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Release Schedule issues and doubts
- From: Andrew Pinski <pinskia at physics dot uc dot edu>
- To: GCC Mailing List <gcc at gcc dot gnu dot org>
- Date: Sat, 3 Jun 2006 15:05:55 -0700
- Subject: Release Schedule issues and doubts
First if anyone has a problem with this email please tell me
instead of just hating me,
this email is not to make anyone hate me worse but instead try get
some attention to the
problem with our current planned release schedule .
The current release plan as I understand it (please correct me if I
stage 1: 2 months to get big (infrastructure) changes in
stage 2: 2 months to get smaller (non-infrastructure) in
stage 3: 2 months to get other bug fixes (and maybe add new ports) in
branch: release once regressions are fixed
Now once the branch is created, there is nothing in the release
schedule what happens
so I am going on past experiences (though this is were the problem is).
Once either stage 3 happens and then again once the branch happens,
of regression and bug fixes go down and people start working on their
own projects again.
Now at this point, we could say this because we are all volunteers
working on GCC which
has happened when someone reports a regression and figures out who
caused it and the person
who caused it goes and basically says that. Now we have a policy for
patches but it does not get followed for regressions that don't show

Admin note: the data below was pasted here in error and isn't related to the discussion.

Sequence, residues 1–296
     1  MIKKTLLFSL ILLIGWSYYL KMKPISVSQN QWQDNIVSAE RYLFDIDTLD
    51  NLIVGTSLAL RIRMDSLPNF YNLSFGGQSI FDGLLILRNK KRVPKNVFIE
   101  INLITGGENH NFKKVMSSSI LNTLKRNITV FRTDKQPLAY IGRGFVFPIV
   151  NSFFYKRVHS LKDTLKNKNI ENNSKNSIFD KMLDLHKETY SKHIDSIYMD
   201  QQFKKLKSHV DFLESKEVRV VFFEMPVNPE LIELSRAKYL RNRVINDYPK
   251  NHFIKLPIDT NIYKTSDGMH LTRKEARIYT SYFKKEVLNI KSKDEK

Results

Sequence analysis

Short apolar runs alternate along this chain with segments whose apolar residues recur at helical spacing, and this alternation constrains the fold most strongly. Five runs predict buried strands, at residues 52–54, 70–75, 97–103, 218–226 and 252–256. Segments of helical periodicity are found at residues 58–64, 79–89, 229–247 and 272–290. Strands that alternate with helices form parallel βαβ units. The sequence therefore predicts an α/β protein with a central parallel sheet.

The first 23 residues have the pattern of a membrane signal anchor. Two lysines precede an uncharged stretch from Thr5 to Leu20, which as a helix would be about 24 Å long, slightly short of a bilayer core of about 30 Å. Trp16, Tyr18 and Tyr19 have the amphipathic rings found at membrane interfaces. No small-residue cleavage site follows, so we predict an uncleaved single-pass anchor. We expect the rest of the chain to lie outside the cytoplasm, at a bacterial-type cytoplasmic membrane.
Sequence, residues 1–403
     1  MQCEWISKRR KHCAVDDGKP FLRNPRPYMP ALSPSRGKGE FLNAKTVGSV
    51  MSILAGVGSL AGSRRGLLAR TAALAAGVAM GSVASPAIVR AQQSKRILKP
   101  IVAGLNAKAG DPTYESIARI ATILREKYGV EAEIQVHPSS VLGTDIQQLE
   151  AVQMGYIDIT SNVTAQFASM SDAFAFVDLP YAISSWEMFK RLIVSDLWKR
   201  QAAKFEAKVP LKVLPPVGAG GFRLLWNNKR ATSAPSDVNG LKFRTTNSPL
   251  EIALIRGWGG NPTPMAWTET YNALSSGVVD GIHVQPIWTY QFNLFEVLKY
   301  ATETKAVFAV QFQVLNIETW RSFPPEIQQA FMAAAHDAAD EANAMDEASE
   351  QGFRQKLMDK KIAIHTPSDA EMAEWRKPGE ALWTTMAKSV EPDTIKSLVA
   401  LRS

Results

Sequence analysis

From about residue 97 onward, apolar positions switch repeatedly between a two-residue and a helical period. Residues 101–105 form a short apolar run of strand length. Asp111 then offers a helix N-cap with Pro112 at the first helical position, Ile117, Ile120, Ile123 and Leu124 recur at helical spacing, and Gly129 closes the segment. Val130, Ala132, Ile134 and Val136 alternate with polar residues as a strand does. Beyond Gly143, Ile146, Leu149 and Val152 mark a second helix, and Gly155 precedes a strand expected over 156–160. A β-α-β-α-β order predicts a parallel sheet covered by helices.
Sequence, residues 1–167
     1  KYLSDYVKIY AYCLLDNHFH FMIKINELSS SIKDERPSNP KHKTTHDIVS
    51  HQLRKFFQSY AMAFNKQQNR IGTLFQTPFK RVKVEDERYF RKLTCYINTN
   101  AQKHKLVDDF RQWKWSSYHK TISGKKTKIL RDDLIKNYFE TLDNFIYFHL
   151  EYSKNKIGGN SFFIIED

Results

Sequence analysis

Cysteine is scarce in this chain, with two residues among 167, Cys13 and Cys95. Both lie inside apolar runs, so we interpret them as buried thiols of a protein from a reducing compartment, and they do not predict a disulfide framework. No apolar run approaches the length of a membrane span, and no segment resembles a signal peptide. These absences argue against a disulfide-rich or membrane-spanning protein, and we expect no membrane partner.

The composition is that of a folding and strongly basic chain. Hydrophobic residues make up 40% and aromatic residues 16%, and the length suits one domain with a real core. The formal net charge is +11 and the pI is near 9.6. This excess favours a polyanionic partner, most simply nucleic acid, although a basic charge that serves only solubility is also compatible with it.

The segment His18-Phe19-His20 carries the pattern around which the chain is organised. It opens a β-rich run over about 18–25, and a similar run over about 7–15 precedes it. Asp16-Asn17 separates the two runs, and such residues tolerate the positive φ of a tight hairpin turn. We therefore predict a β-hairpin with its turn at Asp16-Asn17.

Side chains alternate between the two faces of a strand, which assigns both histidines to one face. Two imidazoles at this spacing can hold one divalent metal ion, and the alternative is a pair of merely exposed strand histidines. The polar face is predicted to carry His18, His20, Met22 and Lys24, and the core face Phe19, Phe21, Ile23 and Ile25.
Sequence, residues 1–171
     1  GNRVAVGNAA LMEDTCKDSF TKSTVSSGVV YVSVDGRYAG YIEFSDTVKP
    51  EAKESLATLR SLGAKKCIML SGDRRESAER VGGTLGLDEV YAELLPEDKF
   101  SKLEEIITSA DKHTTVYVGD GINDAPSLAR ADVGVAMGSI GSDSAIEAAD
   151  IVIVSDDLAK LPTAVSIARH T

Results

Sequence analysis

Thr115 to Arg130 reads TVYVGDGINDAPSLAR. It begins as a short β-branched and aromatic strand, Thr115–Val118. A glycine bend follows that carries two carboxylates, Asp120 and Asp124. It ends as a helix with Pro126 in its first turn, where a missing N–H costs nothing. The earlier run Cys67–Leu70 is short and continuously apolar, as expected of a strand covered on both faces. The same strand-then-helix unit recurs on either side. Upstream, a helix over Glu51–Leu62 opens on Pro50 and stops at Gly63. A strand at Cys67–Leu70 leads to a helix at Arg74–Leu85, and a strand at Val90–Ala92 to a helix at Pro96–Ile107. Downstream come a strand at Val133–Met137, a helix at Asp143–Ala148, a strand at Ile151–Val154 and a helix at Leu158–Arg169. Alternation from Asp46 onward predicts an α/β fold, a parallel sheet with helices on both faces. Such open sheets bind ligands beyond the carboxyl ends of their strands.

up in the testsuite.
The rationale of this policy is keep the release schedule on track.
Now for the fix I have in mind (which might or might not work):
If you are a maintainer of an area and you approve a patch which
causes a regression in that new
code, you have to fix it or have the person whos patch it was fix it
or face losing your
maintainer-ship if it is not handled 2 months after the regression
was (openly) reported
(which means either to the gcc email lists or to bugzilla).
If the patch exposes a latent bug in some other code, the person who
approved the code
is let off the hook and maintainers of that area would be required to
look into the problem
if the patch's own is not able to figure out the fix.
The rational behind this proposal is to make the release schedule of
GCC faster and less
plain-full at the end when all the regressions have piled up. Also
it keeps GCC maintainership
more of alive value rather than just sitting back and not fixing
We have currently at least 10 regressions which have been reported
and publicly mentioned
which patch caused the regression for at least 2 months. Yes getting
these fix will not
allow us to branch 4.2 but a lot more regressions are already
publicly mentioned which patch
I know this is a tough problem to deal with but we need to try to
solve this even
if that means not doing any more releases.
The other problem I see currently is not getting patches reviewed in
a timely fashion but
that is for a different email and it looks like it is getting fixed.